Surrey racer revs up his vintage ‘Bimmer’ (updated)

Hobbyist Leigh Anderson at 28th annual running of British Columbia Historic Motor Races

Surrey’s Leigh Anderson with his race-prepped 1967 BMW 1600.

By Gord Goble, Now contributor

SURREY — Most folks who drop major coin on a BMW want all the perks. Moonroof. Heated leather seats. Blind-spot camera. LED lights. Force field and hood-mounted death ray.

Not Leigh Anderson.

When he last shopped around for a BMW, Anderson purposely set out to find the most spartan “bimmer” available. Indeed, “spartan” is a colossal understatement.

Anderson didn’t want a horn. He didn’t want a heater, either. He didn’t want annoying little extras like turn signals or door handles or window handles or a passenger seat or a back seat. He preferred plexiglass windows to safety-glass ones, and he loved the idea of no headlights and no emergency brake.

Twisted fiend? Freeway menace? Not quite. In fact, the long-time South Surrey resident is one of the most conscientious drivers you’ll find.

Anderson, you see, is a road racer – has been since 1981. And for a few weekends every summer, he lives his dream again on local courses in the gutted, race-prepped 1967 BMW 1600 he ultimately unearthed in 2009.

Last weekend (Aug. 22 and 23), he was part of the 28th annual running of the British Columbia Historic Motor Races, held at the only spot left for local road racing since the 1990 death of Coquitlam’s Westwood Motorsport Park: Mission Raceway.

Anderson competed in two “vintage” events Saturday, and two more Sunday. In each race, he finished in the top 10.

“I did fairly well, but we play down winning in vintage racing,” he said Monday.

“In vintage, if you finish, you win,” he added.

There was no money on the line – there rarely is for local racing – but that doesn’t faze this guy.

“I’m a hobbyist,” he said. “There are lots of people in the sport now with lots of money. But there are also lots of people who are hobbyists, doing it for the love of it.”

The cars are the stars of these races, he said.

“Drivers earn points for the number of laps they complete, and there are penalties for car-to-car contact. After all, some of these cars are irreplaceable.”

(Story continues below video)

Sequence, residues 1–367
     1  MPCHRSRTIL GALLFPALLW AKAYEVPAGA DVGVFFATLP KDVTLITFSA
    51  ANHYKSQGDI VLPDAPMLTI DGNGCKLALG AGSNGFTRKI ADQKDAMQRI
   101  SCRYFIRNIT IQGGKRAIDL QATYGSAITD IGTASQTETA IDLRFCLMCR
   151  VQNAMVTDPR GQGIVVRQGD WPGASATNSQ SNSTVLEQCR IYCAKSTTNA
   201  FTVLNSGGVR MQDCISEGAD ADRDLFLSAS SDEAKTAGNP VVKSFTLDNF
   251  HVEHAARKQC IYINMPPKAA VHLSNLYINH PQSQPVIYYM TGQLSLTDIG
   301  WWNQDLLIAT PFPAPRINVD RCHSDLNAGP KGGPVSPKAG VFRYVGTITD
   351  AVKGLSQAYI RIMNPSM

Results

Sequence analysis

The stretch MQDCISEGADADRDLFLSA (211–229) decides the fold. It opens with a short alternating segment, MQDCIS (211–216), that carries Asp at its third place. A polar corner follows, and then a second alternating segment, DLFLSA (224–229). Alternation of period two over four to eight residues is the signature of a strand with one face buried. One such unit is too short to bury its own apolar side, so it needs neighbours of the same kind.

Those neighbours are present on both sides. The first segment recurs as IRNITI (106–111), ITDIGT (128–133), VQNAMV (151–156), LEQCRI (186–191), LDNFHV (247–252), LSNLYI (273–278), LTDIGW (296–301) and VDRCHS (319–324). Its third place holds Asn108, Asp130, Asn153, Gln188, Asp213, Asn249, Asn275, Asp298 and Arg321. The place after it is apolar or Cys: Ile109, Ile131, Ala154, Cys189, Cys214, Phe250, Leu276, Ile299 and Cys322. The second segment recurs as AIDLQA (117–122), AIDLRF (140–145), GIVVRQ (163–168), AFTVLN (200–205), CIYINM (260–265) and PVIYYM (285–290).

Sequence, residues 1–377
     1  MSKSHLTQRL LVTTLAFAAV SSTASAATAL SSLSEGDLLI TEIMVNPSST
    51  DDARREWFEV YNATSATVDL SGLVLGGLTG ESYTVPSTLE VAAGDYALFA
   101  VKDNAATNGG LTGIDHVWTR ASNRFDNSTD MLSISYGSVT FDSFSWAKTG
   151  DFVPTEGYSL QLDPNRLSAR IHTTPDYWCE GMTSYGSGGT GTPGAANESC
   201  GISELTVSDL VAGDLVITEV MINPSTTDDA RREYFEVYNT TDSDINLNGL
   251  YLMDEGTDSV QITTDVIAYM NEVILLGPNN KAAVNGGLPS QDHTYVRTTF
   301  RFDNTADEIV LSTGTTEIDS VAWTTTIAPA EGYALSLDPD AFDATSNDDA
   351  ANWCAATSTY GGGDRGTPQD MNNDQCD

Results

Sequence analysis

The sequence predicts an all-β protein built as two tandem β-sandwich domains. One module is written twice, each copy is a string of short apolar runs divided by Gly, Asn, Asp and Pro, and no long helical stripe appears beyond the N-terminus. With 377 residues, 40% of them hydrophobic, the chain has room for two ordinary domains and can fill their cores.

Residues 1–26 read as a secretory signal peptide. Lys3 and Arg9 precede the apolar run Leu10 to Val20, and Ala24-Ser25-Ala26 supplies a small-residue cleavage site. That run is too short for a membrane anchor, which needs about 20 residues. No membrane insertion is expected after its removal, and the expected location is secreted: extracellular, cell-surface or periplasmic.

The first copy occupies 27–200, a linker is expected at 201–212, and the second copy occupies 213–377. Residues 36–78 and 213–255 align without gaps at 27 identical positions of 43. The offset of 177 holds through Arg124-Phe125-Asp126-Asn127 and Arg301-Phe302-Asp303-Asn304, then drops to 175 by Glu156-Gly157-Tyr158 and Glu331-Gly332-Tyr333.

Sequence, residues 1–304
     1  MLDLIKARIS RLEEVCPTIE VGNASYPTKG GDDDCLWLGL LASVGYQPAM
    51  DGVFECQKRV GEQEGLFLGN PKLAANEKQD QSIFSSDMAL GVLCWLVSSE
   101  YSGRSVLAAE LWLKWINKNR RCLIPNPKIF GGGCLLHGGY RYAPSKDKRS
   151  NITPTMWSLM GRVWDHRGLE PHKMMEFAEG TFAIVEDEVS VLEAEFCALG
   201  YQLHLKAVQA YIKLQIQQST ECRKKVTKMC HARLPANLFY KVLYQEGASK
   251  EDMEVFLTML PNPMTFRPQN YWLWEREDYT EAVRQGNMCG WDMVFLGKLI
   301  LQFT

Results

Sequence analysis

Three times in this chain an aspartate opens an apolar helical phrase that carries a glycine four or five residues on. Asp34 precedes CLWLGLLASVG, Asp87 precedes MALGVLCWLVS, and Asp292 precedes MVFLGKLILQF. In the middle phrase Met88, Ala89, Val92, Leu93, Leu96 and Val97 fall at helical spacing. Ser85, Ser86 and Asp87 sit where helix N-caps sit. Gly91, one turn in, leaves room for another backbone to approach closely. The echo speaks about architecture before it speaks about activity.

No prize money? Fortunately, it doesn’t cost Anderson a whole lot to keep his feet in the game.

At the age of 70-something, he still performs all the repairs, tweaks and preparations his car needs between races. At the track, his wife Christine runs the show (“Without her support, I wouldn’t be doing it,” he says), and his son Pat, along with a grandson or two, lend a hand.

Born on Oakville, Ontario, Anderson first sampled motorized competition in his early 20s as a timer and scorer at famed Mosport Park. He soon got a racing license and a car – an Austin Healey – but “couldn’t afford to race.” He later brought the Austin with him in his 1981 move to B.C., saw a poster for a vintage race at Westwood, and has driven the vintage circuit regularly ever since.

He counts as his personal highlight a Tacoma Grand Prix in the 1980s when he went door-to-door with former F1, IndyCar and sports car stars such as Phil Hill and Bob Bondurant. The race was but one of many Anderson has enjoyed up and down the west coast of North America over the past 34 years.

As for his preference for gutted automobiles, Anderson says it’s really quite simple.

“The power-to-weight ratio is what you look for – the least weight and the most power,” he explained.

His BMW began life weighing 2,072 pounds; Today, it’s a svelte 1,850, and that includes a slew of gearhead modifications – stuff like a racing cam, dual Weber carbs, a roll cage and racing shocks and tires.

The Mission Raceway event was Anderson’s first of 2015, and he fully admits he’s winding it down a wee bit in his seventh decade. But he’s a kid again on the track, and that’s where you’ll find him this weekend.

For more info, drive on over to the British Columbia Historic Motor Races website at Bchmr.ca.

Goble@shaw.ca

 

 

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